HILO, BIG ISLAND (HawaiiNewsNow) - When Mauna Loa is erupting it's impossible to ignore. However, since its last eruption 30 years ago two generations have grown up without knowing much about its beauty, or danger. We talked to the world's leading scientist on Mauna Loa about odds of its next eruption and what happens once it begins.
When it will happen, no one knows. However, scientists say the chance of Mauna Loa erupting again is virtually 100% and the consequences could be disastrous.
In 1881, lava almost reached Hilo. Princess Ruth prayed to Madam Pele and it stopped. In 1926, a fast-moving flow 50-feet high wiped out the fishing village of Ho'opuloa. In 1950, lava covered homes in Pahoehoe. Residents literally ran for their lives.
When Mauna Loa erupted in 1984, media crews and tourists came from around the world. The lava crept within a few miles of Kaumana, glowing at night.
"I stay awake all night tossing and turning... looks like it's right out the window", said a nearby resident.
As some families packed up and left their homes, scientists spent weeks learning everything they could.
"I'm gonna try to get up close and measure the temperature", said one scientist.
30 years later, the crater at Kilauea, where lava still flows, gets most of the attention. But behind the Jaggar museum, at the Hawaiian Volcano Observatory, volcanologist Frank Trusdell says Mauna Loa is a much bigger threat.
"The eruption rates on Mauna Loa are scary compared to Kilauea", says Trusdell. "The amount of lava actually coming out per unit is actually life threatening."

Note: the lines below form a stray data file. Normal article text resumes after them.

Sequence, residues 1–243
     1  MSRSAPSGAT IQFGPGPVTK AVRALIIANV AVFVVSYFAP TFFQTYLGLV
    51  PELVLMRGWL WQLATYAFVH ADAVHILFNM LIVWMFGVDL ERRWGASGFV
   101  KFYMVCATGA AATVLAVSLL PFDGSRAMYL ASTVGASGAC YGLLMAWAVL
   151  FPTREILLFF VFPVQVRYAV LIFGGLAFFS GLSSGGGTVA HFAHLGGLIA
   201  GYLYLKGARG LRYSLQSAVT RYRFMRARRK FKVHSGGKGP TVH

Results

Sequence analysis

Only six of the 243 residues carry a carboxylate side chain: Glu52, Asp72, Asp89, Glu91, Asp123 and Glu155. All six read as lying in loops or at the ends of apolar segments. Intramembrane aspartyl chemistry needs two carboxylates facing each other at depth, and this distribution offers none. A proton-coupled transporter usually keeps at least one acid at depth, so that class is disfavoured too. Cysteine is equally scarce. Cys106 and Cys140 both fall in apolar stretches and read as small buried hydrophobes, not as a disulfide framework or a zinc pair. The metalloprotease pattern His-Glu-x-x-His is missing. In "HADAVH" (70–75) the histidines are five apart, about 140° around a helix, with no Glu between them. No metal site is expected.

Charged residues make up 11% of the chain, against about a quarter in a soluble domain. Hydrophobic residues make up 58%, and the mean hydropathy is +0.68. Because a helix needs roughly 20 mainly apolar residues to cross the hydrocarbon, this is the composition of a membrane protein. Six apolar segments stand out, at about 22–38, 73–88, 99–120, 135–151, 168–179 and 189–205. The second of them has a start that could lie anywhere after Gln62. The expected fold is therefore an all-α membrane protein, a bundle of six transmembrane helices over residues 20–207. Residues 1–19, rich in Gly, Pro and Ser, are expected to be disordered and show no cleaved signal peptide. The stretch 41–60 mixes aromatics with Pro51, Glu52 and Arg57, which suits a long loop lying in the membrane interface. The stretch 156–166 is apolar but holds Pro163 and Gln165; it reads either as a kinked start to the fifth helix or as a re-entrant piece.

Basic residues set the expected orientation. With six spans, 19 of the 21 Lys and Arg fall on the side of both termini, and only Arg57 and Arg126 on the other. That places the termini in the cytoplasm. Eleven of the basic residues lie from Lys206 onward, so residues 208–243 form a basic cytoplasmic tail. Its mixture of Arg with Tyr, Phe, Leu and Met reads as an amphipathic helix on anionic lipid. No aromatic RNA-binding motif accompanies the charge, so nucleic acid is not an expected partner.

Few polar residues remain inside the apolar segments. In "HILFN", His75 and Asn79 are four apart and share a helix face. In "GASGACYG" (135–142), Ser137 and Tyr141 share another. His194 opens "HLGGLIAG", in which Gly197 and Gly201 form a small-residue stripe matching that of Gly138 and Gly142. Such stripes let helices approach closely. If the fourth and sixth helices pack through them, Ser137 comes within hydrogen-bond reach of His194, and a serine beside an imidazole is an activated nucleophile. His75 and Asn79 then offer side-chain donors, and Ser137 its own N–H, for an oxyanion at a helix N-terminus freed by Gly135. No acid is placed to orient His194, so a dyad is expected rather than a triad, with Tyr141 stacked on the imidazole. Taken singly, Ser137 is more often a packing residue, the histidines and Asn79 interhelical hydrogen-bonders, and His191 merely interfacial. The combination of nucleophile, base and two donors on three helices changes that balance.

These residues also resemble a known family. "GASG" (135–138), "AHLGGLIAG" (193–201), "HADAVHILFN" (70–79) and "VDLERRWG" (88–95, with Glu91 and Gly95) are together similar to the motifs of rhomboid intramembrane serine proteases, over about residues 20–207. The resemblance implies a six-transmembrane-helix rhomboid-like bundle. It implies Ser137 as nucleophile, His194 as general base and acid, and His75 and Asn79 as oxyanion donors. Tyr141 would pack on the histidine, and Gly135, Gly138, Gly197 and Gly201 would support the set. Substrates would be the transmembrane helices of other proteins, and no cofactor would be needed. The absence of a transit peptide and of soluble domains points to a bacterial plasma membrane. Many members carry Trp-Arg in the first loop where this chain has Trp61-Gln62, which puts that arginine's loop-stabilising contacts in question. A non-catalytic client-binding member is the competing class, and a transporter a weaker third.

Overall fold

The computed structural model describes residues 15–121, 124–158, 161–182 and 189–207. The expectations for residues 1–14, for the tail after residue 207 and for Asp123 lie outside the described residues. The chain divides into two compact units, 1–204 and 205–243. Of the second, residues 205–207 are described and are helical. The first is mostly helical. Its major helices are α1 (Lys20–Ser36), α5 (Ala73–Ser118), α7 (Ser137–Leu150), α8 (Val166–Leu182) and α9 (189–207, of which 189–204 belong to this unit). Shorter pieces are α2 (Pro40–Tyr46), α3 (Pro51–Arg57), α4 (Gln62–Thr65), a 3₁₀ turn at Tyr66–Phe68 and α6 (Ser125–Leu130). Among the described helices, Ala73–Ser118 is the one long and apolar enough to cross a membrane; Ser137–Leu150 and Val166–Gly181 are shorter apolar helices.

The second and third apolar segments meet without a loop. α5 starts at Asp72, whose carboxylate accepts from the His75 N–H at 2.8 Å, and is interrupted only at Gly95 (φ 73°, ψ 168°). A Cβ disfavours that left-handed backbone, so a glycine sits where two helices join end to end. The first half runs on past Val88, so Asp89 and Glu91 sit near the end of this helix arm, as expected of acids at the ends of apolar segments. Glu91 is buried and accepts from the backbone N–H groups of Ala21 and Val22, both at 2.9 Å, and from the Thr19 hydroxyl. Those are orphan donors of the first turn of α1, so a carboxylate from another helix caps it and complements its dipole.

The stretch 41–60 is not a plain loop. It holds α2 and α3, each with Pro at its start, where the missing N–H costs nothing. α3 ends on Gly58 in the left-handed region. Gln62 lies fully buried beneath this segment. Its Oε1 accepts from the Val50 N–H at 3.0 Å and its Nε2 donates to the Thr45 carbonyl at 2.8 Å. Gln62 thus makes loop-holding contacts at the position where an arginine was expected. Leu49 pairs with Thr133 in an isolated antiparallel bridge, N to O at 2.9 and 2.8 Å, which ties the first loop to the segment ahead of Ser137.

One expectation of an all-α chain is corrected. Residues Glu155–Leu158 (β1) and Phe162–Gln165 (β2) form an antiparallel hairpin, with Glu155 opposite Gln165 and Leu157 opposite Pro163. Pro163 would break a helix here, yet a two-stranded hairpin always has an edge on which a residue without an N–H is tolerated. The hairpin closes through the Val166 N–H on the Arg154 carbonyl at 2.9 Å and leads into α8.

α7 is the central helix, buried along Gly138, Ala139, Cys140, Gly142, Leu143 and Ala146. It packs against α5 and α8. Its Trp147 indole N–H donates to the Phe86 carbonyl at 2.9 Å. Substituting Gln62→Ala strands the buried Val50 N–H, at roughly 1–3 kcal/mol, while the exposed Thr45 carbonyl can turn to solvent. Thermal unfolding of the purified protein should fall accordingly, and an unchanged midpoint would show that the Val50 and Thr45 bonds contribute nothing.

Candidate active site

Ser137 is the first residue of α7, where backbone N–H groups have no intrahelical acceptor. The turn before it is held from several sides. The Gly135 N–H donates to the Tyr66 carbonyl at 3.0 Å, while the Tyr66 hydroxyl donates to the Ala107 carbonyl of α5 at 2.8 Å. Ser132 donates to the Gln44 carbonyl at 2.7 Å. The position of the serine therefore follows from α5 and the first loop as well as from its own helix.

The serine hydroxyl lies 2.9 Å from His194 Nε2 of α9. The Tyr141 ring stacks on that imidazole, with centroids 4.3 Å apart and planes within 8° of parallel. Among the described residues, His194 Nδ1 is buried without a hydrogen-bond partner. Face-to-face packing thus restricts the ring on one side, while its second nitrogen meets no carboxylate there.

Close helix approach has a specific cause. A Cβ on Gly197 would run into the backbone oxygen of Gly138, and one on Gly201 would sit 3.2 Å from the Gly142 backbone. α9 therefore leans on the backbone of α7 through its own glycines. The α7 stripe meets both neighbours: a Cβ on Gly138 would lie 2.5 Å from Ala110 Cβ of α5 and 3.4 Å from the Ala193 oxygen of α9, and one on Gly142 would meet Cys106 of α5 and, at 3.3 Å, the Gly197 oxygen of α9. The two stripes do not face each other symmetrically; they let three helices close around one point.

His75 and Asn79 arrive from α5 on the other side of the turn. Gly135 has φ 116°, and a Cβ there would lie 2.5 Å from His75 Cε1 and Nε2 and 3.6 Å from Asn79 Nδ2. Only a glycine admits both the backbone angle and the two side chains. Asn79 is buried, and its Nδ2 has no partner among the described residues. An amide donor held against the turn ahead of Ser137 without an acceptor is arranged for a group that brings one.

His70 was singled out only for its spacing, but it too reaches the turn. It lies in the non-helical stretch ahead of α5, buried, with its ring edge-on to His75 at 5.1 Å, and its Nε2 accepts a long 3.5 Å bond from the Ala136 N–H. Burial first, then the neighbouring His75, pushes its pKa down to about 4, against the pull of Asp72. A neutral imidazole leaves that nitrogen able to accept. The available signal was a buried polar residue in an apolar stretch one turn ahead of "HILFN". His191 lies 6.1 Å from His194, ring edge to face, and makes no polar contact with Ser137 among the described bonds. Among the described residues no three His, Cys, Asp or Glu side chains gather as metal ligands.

Trusdell has dozens of graphs showing past lava flows that reached the Ka'u and Kona coastlines within hours. If the next eruption is explosive, ash could drift into the airspace near the Hilo and Kona airports, cutting off flights. And if lava was to cover a major highway, Trusdell says "we're talking about impacts to tourism, economy, distribution of goods, people going to work. It may not even have to consume one house. All it has to do is hit the road."
Frightening scenarios, but here's the good news: we'll all be warned that Mauna Loa is stirring."You cannot have an eruption without earthquakes", says Trusdell.
Today's GPS and seismometers are so fine-tuned; scientists can spot a coming eruption months in advance. "When we're getting up to probably in the 5-600 earthquakes-a-day range is when we're on high alert", says Trusdell.
Scientists came close to sounding the alarm about 10 years ago. A swarm of quakes deep under Mauna Loa signaled a pulsing of new lava into the magma chamber. But before the molten rock made it to the surface half the mountain shifted south, creating more space for that new lava, and the eruption never happened. But all that extra lava is still in the chamber.
"Does that mean were going to have a larger eruption?", asks Trusdell, "we cannot say."
That is one of the many unknowns about Mauna Loa. Another is where the lava will emerge once the eruption starts. But by then, civil defense officials would be in full emergency mode, arranging any necessary evacuations, with TV and radio stations broadcasting live alerts.
It'll be up each family to pay attention. "If people aren't going to heed the warning they could actually die", says Trusdell.
Frank Trusdell is not a man who exaggerates. Mauna Loa is his life's work. He wants every family to be informed about its eventual reawakening.
"I feel very confident we can forecast the next eruption on Mauna Loa," says Trusdell.